Despite its many insights, this perspective has come under challenge in the last decade, as political economic and cultural perspectives have been brought to bear on retail geography. Initial insights were drawn from the allied field of industrial geography which saw the import of Marxist perspectives into spatial-economic analysis in the 1980s. One influential analysis by Ducatel and Blomley (1990), drawing from Marxist insights into economic structure, sought to re-theorize retail capital both as a vital component of a larger capitalist system and as characterized by its own internal logic (see circuit of capital).

Although this re-theorization has been criticized (Fine and Leopold, 1993), the call for a political economic perspective on retail capital generated a response, particularly in the United Kingdom, which has seen some striking changes in both the organization and importance of retail capital over the past two decades. The \'new economic geographies of retailing\', as Wrigley and Lowe (1996) style them, have paid particular attention to the phenomenon of retail restructuring. For Wrigley and Lowe (1996, p. 7), six themes are prominent: (a) the reconfiguration of corporate retail structures; (b) the reconfiguration of retailer-supplier chain interfaces; (c) the organizational and technological transformations in retail distribution; (d) the reconfiguration of labour practices and social relations of production within retailing; (e) the spatial penetration, manipulation and switching of retail capital; and (f) the regulation of retail restructuring. Several of the essays in their book are instructive on these issues, as are related papers (e.g. Sparks, 1996). The geography of retail change, not surprisingly, has received special attention, as witnessed by the attention given re-configured \'consumption spaces\', such as the \'mega-mall\', and shifts in both the intra-urban and international location of retail capital (Hallsworth, 1992).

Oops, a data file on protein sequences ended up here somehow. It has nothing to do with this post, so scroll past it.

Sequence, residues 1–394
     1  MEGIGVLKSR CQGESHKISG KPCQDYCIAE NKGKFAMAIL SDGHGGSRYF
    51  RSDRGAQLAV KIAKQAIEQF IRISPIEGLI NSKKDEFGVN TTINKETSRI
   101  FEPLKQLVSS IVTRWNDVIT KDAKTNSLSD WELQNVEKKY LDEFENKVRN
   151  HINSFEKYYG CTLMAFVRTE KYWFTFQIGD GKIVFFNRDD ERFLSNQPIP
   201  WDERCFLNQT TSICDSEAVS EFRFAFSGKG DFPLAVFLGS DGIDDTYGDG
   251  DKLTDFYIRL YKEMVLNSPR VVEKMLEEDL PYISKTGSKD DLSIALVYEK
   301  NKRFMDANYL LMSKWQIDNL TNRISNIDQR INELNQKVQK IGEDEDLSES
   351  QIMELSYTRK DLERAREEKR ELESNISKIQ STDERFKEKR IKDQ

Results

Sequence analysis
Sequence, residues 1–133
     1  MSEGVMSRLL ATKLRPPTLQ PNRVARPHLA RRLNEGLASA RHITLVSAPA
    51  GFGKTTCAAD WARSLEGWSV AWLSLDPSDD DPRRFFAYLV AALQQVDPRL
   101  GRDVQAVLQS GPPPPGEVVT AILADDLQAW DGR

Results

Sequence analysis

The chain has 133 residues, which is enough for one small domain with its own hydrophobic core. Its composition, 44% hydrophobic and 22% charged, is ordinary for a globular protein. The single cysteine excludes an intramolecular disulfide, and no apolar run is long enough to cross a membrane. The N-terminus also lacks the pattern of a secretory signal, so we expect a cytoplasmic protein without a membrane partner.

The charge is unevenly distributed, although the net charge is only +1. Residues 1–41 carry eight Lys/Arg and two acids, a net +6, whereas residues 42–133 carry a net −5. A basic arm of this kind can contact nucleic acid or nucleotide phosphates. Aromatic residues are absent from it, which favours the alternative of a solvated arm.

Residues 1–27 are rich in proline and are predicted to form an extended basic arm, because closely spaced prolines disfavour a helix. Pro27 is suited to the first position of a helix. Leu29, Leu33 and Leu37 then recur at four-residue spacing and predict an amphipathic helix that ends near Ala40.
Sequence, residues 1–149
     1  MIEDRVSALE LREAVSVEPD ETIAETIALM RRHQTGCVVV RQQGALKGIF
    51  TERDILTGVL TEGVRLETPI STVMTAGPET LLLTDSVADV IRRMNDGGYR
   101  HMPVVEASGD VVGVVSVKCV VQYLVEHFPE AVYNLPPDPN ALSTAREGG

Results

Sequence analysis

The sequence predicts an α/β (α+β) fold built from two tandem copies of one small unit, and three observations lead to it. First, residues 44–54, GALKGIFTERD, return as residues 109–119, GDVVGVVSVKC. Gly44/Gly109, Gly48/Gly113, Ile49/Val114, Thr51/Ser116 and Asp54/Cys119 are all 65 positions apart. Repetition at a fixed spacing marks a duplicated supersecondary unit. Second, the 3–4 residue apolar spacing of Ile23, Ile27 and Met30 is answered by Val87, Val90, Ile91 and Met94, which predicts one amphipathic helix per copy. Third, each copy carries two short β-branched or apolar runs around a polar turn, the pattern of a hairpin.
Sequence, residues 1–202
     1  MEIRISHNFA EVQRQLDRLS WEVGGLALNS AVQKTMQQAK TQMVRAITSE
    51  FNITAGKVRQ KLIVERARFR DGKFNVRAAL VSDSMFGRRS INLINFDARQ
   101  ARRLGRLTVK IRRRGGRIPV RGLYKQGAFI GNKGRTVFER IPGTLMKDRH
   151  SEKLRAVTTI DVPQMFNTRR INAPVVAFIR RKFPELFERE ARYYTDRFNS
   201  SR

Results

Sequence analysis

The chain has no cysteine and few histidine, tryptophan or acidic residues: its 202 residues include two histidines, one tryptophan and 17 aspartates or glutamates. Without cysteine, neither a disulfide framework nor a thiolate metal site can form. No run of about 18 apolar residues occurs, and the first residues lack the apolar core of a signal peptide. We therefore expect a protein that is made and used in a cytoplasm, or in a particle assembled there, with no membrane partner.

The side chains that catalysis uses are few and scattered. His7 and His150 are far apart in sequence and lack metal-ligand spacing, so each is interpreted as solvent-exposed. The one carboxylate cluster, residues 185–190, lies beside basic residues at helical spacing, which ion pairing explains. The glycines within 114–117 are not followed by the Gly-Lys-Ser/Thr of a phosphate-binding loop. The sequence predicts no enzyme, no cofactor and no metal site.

The \'new retail geography\' has recently become more attentive to the cultural geographies of retailing, as well as the economic geographies (cf. cultural turn). In line with a more generalized recognition that economic processes are culturally coded, retail geographers have again become attentive to questions of consumption. However, consumption is not seen simply as the unproblematic expression of consumer demands, but is understood as a critical site for the expression, reproduction and contestation of various identities. One question, in this regard, is the way in which gender roles are formed in \'retail spaces\' (see gender and geography). Certain retail spaces — notably the department store and the mall — have received particular attention (Blomley, 1996). However, it is interesting to see other retail sites coming under scrutiny (e.g. Gregson and Crewe, 1997).